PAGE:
The moose are by far the largest of our wildlife neighbors. We’ve seen several antelope on the road leading to the campground, but so far none have ventured within our boundaries. The only other mammals we’ve seen in the campground were chipmunks, squirrels and potguts (the Utah nickname for the Uinta ground squirrel – they look like fat rats with short tails.)
We have a robin and a couple of hummingbirds that hang out around our campsight. There is also a pair of bald eagles – they look pretty young – that we’ve seen flying overhead. They seem to be camera-shy; twice I’ve aimed the camera at one of them perched in a tree, and both times she or he flew away before I could get the shot.
The Forest Service has re-introduced Rocky Mountain bighorn sheep to this area. I know this because there are signs posted – but I have yet to see them. We’ve seen them in the Flaming Gorge area and they are quite beautiful, but quite aloof.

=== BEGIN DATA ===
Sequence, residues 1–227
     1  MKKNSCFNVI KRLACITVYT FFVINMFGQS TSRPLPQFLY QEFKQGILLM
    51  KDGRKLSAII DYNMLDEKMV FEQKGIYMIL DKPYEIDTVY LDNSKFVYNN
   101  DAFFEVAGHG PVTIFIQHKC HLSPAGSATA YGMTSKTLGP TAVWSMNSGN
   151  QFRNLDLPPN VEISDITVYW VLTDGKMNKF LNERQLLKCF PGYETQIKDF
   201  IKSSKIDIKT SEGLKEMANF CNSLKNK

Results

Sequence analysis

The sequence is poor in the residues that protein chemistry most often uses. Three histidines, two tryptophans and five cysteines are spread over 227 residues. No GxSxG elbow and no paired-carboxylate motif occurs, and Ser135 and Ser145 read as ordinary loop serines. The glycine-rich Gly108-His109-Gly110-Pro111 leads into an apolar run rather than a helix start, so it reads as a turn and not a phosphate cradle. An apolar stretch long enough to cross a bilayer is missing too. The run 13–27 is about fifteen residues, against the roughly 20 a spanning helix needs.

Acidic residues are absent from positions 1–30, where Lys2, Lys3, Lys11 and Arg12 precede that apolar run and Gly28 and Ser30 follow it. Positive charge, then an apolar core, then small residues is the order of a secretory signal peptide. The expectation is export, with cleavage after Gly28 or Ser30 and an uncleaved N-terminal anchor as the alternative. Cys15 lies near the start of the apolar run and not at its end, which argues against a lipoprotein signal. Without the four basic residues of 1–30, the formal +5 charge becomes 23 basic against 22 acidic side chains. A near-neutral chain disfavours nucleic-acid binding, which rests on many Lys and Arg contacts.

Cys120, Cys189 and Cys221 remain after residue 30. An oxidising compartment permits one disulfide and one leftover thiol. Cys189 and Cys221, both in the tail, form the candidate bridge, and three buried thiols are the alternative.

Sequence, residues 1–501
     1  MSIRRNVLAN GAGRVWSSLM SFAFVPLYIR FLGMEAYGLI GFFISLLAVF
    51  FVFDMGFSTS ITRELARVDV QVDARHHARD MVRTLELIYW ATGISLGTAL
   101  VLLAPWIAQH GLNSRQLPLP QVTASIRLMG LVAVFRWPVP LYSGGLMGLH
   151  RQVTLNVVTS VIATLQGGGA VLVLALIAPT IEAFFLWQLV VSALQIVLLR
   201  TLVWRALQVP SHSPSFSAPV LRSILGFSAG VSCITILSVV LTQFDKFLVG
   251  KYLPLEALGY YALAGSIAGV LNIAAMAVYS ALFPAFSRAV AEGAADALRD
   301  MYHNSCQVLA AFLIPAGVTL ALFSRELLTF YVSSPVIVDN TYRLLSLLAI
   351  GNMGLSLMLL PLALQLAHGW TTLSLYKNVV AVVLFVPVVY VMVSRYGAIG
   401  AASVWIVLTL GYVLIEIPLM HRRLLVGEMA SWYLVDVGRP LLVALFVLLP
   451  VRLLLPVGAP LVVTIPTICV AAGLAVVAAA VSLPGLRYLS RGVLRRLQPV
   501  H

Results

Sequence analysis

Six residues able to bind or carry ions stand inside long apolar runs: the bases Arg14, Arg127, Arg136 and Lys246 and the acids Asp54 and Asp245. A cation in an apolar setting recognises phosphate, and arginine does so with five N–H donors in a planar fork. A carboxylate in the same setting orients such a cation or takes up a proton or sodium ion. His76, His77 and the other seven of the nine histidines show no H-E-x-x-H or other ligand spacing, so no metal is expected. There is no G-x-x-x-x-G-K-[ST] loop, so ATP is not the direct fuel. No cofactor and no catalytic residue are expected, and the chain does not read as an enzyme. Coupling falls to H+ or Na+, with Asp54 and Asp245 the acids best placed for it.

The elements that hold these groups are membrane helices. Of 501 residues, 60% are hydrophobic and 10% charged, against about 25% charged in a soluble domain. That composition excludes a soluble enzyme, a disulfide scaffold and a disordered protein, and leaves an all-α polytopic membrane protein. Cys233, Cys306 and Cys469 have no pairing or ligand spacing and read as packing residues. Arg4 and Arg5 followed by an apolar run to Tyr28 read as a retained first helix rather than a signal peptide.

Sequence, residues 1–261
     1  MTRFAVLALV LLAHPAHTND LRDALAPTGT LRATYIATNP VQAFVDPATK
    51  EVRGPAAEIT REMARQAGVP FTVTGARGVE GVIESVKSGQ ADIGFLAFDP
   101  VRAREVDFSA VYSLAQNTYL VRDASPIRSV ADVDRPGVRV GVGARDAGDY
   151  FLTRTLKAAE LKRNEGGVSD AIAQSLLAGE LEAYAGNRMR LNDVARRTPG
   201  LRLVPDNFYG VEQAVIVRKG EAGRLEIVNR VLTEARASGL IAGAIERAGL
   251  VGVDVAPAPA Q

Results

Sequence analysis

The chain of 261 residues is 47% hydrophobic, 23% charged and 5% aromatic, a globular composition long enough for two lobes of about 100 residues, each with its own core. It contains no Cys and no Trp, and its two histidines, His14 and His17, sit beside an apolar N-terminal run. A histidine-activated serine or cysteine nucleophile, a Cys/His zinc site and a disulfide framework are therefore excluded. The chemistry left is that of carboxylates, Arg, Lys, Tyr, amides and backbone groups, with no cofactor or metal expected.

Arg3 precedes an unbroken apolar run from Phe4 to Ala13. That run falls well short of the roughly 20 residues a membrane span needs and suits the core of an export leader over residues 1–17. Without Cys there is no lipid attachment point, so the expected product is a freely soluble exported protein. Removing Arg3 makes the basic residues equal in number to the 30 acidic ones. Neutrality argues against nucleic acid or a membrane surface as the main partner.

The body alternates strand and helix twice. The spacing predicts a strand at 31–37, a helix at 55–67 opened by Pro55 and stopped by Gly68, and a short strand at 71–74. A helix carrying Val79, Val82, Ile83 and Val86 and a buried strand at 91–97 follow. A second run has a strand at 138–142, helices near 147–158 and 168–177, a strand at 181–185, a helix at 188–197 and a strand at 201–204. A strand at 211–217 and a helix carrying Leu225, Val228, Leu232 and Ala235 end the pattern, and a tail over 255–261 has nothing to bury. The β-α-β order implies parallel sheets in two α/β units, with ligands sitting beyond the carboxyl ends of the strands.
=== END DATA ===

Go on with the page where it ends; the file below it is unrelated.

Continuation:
The Uinta Mountains are also home to black bears. Again, I know this because there are not only signs posted – one on every bulletin board and one in each restroom at the proper eye level for normal usage of the facility – but we also give a bear brochure to each camper as they come in. We’re told there has never been a bear in the Hoop Lake campground, but just this year one was spotted about two miles away and another about four miles away. Like most wildlife, bears tend to leave humans alone. But we’re encouraging our campers not to tempt them by leaving food out.